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tthread doubt

dolly shah
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Joined: Jun 18, 2007
Posts: 383


This example is from Whizlabs. At line 1 which thread gets yield. main or a?


SCJP-1.5<br />SCWCD-1.4
marc weber
Sheriff

Joined: Aug 31, 2004
Posts: 11343

Thread's yield() method "causes the currently executing thread object to temporarily pause..."

So which thread is executing when Thread.yield() is called?


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Yogesh Baraskar
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Joined: Oct 07, 2007
Posts: 33
I think its main thread.
So answer should be main thread
Lucky J Verma
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Joined: Apr 11, 2007
Posts: 278
Since Thread.yield() is called inside main()
and works on currently executing thread.so main thread itself would run and would yield().Another thread spawned works in parallel but code inside main is executed by main thread.
dolly shah
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Joined: Jun 18, 2007
Posts: 383
marc, I think currently running thread is a. I think. Correct me if I am wrong.
ahmed yehia
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Joined: Apr 22, 2006
Posts: 424
Because yield() and sleep() are static in Thread, you cant tell another thread to yield or sleep instead they affect the current executing thread.
Mary John
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Joined: Sep 17, 2007
Posts: 109
dolly shah.

normally we cant exactly tell which thread is currently running.

but here we have to consider the thread priority. it is 5 for main.
and a has 1 and b has 2.

so when a.start is called it just goes to the runnable state and wait for main to complete as it has more priority. now yield is called. so main is the thread that has to yield.

But since main still has higher prioity than a it will not yield.(as yield is only for equal or same priority)

correct me if I am wrong...!!

Thanks.


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Yogesh Baraskar
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Joined: Oct 07, 2007
Posts: 33
Hi

It has nothing to do with priority of Threads.

I'll put it again what marc has said:

Thread's yield() method "causes the currently executing thread object to temporarily pause..."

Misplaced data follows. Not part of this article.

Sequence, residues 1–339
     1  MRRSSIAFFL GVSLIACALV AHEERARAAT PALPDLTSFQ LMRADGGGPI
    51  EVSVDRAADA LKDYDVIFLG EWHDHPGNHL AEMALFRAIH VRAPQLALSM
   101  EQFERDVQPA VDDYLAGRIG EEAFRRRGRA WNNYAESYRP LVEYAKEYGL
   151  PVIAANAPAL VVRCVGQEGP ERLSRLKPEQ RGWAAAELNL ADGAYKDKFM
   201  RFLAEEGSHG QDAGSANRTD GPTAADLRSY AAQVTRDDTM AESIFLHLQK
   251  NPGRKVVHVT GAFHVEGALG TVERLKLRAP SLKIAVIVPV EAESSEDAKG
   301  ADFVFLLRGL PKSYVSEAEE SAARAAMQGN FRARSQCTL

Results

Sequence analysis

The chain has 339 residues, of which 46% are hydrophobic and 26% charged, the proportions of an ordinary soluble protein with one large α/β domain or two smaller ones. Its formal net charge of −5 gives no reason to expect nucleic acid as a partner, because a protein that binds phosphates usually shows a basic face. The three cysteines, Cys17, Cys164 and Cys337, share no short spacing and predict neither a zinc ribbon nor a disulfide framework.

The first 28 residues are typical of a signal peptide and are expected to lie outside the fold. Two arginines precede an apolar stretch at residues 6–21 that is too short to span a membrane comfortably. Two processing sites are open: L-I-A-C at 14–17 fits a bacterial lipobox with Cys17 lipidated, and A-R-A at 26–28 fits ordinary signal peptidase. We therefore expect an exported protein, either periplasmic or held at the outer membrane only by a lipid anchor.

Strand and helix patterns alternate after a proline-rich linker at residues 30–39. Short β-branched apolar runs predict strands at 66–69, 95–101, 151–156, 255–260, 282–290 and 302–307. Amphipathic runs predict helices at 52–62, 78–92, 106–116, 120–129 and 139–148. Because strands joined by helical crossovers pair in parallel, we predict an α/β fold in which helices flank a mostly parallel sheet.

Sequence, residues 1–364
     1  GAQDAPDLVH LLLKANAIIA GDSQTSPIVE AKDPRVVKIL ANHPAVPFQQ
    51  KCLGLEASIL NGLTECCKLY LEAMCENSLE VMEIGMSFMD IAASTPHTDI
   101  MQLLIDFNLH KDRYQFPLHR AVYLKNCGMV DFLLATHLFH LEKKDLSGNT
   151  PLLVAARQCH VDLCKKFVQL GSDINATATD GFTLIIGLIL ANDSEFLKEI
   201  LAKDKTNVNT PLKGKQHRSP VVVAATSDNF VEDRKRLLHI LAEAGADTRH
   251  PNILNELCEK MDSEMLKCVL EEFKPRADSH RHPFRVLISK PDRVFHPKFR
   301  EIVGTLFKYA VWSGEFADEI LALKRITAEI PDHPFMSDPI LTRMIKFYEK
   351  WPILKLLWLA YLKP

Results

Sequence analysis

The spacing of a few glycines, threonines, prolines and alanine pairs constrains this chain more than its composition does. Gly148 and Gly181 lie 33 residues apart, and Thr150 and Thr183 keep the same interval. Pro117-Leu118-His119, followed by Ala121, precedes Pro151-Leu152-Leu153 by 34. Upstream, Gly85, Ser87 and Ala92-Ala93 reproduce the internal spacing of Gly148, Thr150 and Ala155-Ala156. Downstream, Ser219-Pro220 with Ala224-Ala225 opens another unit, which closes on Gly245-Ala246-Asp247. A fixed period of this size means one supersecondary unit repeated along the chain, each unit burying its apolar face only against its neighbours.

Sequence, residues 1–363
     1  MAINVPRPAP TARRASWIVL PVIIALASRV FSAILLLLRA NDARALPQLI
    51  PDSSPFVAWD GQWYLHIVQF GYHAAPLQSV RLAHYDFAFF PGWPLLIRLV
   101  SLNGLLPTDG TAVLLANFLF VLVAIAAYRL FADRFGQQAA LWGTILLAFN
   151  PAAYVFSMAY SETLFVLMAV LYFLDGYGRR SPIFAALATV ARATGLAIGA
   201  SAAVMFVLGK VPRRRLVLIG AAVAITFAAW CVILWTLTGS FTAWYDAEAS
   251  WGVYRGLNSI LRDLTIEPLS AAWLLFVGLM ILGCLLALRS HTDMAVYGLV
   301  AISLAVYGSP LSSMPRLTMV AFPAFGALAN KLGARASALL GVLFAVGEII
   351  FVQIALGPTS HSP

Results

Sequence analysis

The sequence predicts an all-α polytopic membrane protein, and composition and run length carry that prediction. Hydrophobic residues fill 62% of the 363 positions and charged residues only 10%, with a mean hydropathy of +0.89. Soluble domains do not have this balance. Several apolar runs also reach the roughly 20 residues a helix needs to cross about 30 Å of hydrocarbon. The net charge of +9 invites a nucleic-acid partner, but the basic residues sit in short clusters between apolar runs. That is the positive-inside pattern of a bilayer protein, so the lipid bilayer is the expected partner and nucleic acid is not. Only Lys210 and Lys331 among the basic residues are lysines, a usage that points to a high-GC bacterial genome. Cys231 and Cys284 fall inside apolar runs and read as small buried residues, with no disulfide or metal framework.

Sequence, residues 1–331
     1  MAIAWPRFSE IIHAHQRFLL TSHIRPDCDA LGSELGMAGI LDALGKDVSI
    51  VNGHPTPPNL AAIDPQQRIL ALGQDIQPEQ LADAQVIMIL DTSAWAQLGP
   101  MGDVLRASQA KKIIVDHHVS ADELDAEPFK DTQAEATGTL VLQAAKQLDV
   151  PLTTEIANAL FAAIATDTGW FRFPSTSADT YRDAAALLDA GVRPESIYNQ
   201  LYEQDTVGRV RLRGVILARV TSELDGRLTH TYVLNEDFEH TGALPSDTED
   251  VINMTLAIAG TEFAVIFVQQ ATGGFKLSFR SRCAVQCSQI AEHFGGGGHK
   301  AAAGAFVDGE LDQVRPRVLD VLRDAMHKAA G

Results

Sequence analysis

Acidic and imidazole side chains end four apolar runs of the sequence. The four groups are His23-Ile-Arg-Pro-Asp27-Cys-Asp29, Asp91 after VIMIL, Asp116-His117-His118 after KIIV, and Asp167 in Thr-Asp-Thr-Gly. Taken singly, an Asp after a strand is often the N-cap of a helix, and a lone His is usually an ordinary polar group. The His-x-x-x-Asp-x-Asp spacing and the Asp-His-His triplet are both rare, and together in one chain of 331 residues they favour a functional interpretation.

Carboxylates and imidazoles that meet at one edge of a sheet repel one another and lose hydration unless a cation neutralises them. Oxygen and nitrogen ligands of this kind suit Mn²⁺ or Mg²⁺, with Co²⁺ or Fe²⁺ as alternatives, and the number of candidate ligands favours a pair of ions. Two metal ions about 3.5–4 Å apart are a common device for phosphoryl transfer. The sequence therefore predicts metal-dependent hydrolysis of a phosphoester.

So just concentrate on which one is the currently executing thread in this piece of code (not in JVM).

Regards
Yogesh
Mary John
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Joined: Sep 17, 2007
Posts: 109
thanks, got it now...
dolly shah
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Joined: Jun 18, 2007
Posts: 383
In this piece of code currently executing thread is a (after a.start()). I think.
marc weber
Sheriff

Joined: Aug 31, 2004
Posts: 11343

Originally posted by dolly shah:
In this piece of code currently executing thread is a (after a.start()). I think.

Thread 'a' might run after a.start() is called, but it's not running when Thread.yield() is called. Ask yourself: Is this line of code called by the run() method of thread 'a'? If not, how could it execute in thread 'a'?

(And as Yogesh pointed out, this has nothing to do with thread priorities.)
Mary John
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Joined: Sep 17, 2007
Posts: 109
I thought the answer to this is main.

i understood from the above post the currently running thread will yield.
but yield is called in main thread only. so when the main thread runs and hits the call to yield, then it will yield to any equal priority threads if there are any.

a and b thread do not have a yield in its run method or anymethod that run method calls.
Yogesh Baraskar
Ranch Hand

Joined: Oct 07, 2007
Posts: 33
Please try this

This will clear your doubts.

public class MyThread1 extends Thread {

public void run(){ m1(); }

MyThread1(String threadName) {
super(threadName); }

public synchronized void m1(){
System.out.println("Inside m1() Thread"+Thread.currentThread().getName());
}

public static void main(String[] args){
MyThread1 a=new MyThread1("A");
MyThread1 b=new MyThread1("B");
a.setPriority(Thread.MIN_PRIORITY);
b.setPriority(Thread.MAX_PRIORITY);
System.out.println("1: Thread:"+Thread.currentThread().getName());
a.start();
System.out.println("2: Thread"+Thread.currentThread().getName());
Thread.yield();//line 1
System.out.println("3: Thread"+Thread.currentThread().getName());
b.start();
System.out.println("4: Thread"+Thread.currentThread().getName());

}
}
marc weber
Sheriff

Joined: Aug 31, 2004
Posts: 11343

Originally posted by mary john:
...it will yield to any equal priority threads if there are any...

When a thread yields, the platform-dependent thread scheduler determines what other threads might run, and priorities are not a good bet.

As Horstmann and Cornell warn on page 19 of Core Java 2: Volume II -- Advanced Features...
...thread priorities are highly system dependent...

For example, Windows NT/XP has seven priority levels. Some of the Java priorities will map to the same operating system level. In the Sun JVM for Linux, thread priorities are ignored altogether -- all threads have the same priority.

Thus, it is best to treat thread priorities only as hints to the scheduler...
nico dotti
Ranch Hand

Joined: Oct 09, 2007
Posts: 124
"In the Sun JVM for Linux, thread priorities are ignored altogether -- all threads have the same priority." I can attest to the fact that priorities are ignored on Linux JDK. I'm using Kubuntu 7x (kernal 2.6.xx) with 1.6jdk and I've tried the MIN_PRIORITY vs MAX_PRIORITY and also numbers between 1-10, etc., and see no change in my output. Threading seems to be dolled out very 'fairly' in general. I wish I read this thread first! I was starting to wonder what the heck was going on LOL
 
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